e. anteriorly displaced Schwalbe's line), and peripheral anterior synechiae (i.e. iris strands that extend and attach to the trabecular Autophagy Compound Library in vivo
meshwork) (Figs?2b, 3b). In addition, ARS patients may present with various systemic abnormalities including facial dysmorphisms (e.g. hypertelorism, prominent forehead, telecanthus), dental anomalies (e.g. hypodontia, microdontia) and a redundant preumbilical skin. Approximately 50% of ARS patients secondarily develop glaucoma.[5, 11, 12] ARS patients tend to develop glaucoma in adolescence or in early adulthood (<30 years). In cases where the patient has a mutation in one of the two known ARS-associated genes, Forkhead Box C1 (FOXC1) or Pituitary Homeobox 2 (PITX2), the incidence of glaucoma increases to 75%. Mutations in these two transcription factor genes account for approximately 40% of ARS cases. Although the gene has yet to be identified, a third chromosomal loci at 13q14 is associated with ARS. The three chromosomal loci (PITX2 at 4q25, FOXC1 at 6p25, and 13q14) were identified by linkage analysis.[14-18] Peters anomaly is also a genetically and phenotypically heterogeneous anterior segment dysgenesis disorder (Table?1). Peters anomaly is associated with a range of ocular abnormalities including central corneal opacity, iridocorneal adhesions, corneolenticular adhesions and defects in Descemet's membrane. Although the presence of central corneal opacity is required for a diagnosis of Peters anomaly, the extent of opacification can be greatly varied among patients. As with ARS patients, patients with Peters anomaly are at a 50% increased <a href="http://www.selleckchem.com/products/dorsomorphin-2hcl.html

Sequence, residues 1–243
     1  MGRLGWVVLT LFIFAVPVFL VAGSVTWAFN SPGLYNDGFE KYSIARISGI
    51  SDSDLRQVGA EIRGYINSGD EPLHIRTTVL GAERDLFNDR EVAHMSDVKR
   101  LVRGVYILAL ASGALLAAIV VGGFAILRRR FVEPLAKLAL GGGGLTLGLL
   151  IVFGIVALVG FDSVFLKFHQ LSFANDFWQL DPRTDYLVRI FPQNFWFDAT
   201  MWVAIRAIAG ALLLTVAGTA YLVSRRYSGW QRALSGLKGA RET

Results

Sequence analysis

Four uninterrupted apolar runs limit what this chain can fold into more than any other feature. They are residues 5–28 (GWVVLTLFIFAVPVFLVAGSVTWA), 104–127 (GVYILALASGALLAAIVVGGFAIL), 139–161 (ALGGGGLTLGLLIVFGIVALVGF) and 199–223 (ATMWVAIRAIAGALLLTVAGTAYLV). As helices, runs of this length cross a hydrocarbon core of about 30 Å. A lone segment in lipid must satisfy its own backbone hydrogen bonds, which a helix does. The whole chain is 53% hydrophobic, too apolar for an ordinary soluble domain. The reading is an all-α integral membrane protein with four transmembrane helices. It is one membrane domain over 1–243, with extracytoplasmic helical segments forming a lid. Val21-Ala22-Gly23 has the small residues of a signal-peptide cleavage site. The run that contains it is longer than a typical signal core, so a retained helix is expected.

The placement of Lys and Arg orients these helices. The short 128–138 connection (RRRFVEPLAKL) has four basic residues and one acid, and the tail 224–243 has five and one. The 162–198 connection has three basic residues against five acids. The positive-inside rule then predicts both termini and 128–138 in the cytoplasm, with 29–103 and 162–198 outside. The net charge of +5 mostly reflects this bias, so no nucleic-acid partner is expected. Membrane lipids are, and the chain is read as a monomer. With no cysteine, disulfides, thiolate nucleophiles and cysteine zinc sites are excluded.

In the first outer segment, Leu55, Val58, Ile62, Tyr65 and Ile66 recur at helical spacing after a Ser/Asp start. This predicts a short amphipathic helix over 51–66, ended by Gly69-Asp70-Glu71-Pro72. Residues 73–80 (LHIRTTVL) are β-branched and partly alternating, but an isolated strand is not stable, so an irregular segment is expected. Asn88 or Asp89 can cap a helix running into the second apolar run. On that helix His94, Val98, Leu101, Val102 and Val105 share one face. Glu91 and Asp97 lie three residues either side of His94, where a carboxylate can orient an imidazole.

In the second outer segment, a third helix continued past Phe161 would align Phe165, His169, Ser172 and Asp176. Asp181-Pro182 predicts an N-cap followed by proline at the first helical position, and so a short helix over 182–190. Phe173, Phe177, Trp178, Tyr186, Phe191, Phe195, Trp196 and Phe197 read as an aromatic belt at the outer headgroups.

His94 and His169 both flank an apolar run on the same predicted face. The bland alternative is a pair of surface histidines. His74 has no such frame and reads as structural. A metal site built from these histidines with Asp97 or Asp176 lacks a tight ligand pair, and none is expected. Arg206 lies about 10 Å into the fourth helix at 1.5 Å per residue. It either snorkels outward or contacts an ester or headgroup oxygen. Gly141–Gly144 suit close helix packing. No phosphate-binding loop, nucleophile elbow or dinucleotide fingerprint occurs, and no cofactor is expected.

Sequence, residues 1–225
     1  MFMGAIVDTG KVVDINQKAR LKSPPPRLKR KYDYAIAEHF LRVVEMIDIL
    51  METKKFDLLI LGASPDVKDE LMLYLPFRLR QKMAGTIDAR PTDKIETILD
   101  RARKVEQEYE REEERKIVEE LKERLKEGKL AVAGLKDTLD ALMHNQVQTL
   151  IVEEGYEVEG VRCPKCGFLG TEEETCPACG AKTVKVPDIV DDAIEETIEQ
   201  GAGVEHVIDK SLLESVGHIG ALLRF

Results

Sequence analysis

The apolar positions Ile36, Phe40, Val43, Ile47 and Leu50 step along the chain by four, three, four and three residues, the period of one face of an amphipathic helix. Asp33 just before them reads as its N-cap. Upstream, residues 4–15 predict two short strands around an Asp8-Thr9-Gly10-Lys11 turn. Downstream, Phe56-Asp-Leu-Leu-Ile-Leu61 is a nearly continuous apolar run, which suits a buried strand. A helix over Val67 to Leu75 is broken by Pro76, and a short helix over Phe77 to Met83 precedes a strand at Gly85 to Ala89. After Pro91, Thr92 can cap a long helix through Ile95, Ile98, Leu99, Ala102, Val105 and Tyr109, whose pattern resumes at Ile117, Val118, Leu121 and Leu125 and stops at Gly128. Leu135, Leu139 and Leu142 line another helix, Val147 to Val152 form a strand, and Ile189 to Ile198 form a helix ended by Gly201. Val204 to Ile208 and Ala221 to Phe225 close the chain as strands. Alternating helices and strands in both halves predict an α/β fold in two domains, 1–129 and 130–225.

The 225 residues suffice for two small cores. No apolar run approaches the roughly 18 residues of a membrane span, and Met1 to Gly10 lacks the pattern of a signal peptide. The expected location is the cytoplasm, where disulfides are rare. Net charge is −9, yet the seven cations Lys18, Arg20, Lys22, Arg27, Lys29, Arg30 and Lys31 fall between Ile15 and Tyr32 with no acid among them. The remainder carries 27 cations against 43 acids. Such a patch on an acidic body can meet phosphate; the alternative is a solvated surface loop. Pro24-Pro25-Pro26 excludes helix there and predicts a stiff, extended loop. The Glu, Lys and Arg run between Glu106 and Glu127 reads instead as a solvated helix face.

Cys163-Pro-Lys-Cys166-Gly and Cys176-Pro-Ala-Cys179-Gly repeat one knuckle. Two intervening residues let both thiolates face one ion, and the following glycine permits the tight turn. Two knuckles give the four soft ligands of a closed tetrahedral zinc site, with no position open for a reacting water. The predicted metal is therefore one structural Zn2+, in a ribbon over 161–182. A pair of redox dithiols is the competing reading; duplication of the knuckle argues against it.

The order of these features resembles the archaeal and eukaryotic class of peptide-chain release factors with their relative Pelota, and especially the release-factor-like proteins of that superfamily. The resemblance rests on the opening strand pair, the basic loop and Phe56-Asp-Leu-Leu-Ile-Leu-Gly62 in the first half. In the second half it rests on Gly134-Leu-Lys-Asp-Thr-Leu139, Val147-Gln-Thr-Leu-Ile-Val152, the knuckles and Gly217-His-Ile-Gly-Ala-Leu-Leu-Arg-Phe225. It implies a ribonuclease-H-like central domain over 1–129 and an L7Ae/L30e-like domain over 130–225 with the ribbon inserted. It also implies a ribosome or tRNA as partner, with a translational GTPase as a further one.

">Dorsomorphin research buy risk to develop glaucoma. Peters anomaly is a genetically heterogeneous disorder. Mutations in PAX6, PITX2 and CYP1B1 have all been associated with Peters Laccase
anomaly.[20-22] Both autosomal-dominant and autosomal-recessive modes of inheritance have been described in familial cases of Peters anomaly.[6, 20] In addition, many sporadic cases have also been reported. Patients with Peters Plus syndrome have developmental defects of the anterior chamber of the eye, as well as systemic malformations including short stature, cleft lip palate, growth delay and mental delay.[23, 24] Most patients with Peters Plus syndrome have some sort of anterior chamber defect, with 75% of patients presenting with Peters anomaly. Peters Plus syndrome is an autosomal recessive disease. Peters Plus syndrome has been described to be a congenital disorder of glycosylation as mutations in the ��, 3-galactosyltransferase-like (B3GALTL) gene are associated with this disease. Many anterior segment dysgenesis patients have an elevated risk to develop glaucoma. Primal congenital glaucoma (PCG) is a rare autosomal-recessive form of glaucoma present at birth or within the first 2 years after birth (Table?1).